Fusion inhibitors are a new class of drugs that act against HIV; they got that name because they prevent the virus from fusing with the inside of a cell and so stop it from replicating. Though this term has been used in the pharmaceutical industry since the mid-1990s, it has only very recently started to be seen in the non-specialist press because the first example, Fuzeon (generic name enfuvirtide), was approved by the US Food and Drug Administration only in 2003. Such drugs are members of a broader class, the entry inhibitors, which stop the virus from entering the cell in the first place. These are classed as antiretroviral drugs, like other HIV agents, since HIV is a retrovirus, one that works by generating a DNA copy of its RNA genome inside the cell, the reverse of normal genetic replication, which goes from DNA to RNA.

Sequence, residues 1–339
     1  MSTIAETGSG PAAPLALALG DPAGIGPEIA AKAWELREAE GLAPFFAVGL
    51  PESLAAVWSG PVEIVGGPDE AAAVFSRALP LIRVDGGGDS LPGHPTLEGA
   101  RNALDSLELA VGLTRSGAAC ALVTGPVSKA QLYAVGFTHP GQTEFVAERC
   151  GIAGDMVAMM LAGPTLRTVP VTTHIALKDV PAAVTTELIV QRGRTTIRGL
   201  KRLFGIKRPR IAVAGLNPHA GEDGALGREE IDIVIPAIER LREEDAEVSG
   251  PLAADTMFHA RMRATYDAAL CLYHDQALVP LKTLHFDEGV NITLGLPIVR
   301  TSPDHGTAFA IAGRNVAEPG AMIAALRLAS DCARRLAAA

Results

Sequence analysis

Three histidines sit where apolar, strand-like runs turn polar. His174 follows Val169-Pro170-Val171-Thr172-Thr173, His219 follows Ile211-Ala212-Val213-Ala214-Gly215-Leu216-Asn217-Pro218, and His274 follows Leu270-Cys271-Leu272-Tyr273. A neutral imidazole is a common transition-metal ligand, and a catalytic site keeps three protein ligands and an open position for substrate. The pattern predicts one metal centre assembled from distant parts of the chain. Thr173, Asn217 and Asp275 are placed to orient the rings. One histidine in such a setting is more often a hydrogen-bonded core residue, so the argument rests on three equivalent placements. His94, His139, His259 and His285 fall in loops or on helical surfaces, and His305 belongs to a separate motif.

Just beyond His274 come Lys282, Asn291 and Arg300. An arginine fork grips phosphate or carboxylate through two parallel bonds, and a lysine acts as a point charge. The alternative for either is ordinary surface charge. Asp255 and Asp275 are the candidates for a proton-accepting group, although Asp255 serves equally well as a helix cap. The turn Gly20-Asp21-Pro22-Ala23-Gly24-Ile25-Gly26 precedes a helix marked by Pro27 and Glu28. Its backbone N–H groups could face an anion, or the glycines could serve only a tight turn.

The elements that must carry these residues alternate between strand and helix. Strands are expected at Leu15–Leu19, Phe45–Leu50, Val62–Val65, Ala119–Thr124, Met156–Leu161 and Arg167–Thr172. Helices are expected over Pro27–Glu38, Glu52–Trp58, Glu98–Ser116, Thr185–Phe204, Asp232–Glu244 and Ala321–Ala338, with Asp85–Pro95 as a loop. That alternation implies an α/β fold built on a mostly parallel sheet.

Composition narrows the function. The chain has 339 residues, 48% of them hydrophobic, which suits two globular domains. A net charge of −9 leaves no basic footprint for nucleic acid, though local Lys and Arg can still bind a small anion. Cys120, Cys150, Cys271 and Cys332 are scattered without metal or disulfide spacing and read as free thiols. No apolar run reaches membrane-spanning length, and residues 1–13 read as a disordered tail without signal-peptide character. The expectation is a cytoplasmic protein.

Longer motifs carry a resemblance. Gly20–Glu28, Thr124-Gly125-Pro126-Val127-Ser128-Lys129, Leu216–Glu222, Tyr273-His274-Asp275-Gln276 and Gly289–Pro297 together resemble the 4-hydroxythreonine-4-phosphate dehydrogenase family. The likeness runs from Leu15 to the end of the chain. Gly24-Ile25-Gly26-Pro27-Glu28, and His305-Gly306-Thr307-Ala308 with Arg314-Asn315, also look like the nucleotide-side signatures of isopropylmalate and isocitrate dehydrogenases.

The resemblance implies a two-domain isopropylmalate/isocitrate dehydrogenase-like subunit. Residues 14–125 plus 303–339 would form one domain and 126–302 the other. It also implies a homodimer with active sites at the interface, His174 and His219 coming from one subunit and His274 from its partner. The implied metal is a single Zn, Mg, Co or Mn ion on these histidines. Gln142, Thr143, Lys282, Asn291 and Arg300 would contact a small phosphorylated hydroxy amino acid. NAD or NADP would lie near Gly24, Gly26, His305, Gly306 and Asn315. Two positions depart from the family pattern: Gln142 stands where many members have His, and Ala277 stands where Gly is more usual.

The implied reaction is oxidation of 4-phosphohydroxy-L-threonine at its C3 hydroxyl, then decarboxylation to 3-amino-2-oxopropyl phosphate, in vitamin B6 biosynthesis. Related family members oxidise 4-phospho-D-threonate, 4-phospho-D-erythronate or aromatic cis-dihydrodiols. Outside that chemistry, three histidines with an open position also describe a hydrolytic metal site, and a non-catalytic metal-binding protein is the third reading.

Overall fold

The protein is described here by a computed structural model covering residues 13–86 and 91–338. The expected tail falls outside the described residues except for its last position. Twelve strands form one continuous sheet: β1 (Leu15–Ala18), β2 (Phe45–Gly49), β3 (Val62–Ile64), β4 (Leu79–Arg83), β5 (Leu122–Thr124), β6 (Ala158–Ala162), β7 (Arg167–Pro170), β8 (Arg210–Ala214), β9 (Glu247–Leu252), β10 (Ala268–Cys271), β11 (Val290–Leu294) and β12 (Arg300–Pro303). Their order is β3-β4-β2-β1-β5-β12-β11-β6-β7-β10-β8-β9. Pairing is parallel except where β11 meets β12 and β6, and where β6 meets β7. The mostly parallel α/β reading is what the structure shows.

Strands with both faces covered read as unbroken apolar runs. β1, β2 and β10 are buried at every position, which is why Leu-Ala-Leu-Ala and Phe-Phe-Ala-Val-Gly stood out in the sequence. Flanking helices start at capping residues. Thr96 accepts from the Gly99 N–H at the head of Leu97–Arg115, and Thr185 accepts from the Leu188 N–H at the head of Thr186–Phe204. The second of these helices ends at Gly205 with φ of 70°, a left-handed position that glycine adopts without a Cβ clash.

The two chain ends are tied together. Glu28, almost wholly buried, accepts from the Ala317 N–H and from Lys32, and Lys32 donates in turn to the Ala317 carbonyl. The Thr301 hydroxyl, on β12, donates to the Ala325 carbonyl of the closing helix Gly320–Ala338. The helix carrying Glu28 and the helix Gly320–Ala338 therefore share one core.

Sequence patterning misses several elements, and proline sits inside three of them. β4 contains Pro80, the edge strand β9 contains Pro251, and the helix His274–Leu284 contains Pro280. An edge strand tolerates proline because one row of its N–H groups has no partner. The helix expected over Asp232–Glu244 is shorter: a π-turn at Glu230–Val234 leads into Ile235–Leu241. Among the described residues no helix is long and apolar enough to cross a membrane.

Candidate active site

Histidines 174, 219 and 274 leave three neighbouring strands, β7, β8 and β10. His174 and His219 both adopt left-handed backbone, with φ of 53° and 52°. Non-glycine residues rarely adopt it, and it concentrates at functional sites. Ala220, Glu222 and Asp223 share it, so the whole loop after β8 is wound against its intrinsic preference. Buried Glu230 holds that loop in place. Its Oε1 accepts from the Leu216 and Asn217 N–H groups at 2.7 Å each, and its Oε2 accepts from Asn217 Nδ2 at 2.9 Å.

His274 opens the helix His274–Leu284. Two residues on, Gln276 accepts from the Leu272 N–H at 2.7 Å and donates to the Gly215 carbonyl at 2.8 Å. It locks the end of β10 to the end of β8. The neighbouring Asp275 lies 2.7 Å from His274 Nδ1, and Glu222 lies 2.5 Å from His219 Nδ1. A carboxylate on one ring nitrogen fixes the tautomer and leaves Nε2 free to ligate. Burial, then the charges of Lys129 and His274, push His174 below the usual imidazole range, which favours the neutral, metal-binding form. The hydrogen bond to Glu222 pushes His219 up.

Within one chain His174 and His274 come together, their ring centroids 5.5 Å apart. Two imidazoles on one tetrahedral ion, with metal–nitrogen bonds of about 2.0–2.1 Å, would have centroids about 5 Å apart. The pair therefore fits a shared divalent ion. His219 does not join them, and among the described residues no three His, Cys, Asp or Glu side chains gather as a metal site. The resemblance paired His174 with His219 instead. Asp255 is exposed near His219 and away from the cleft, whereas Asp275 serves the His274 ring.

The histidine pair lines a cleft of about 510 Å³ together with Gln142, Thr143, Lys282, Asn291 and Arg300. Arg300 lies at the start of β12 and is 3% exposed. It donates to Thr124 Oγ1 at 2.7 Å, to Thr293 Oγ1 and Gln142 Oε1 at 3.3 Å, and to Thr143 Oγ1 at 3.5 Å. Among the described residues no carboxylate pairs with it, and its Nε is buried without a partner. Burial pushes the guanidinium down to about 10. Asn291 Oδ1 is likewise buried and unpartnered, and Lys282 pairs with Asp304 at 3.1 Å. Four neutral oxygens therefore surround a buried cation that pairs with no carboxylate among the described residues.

Page created 17 Apr. 2004
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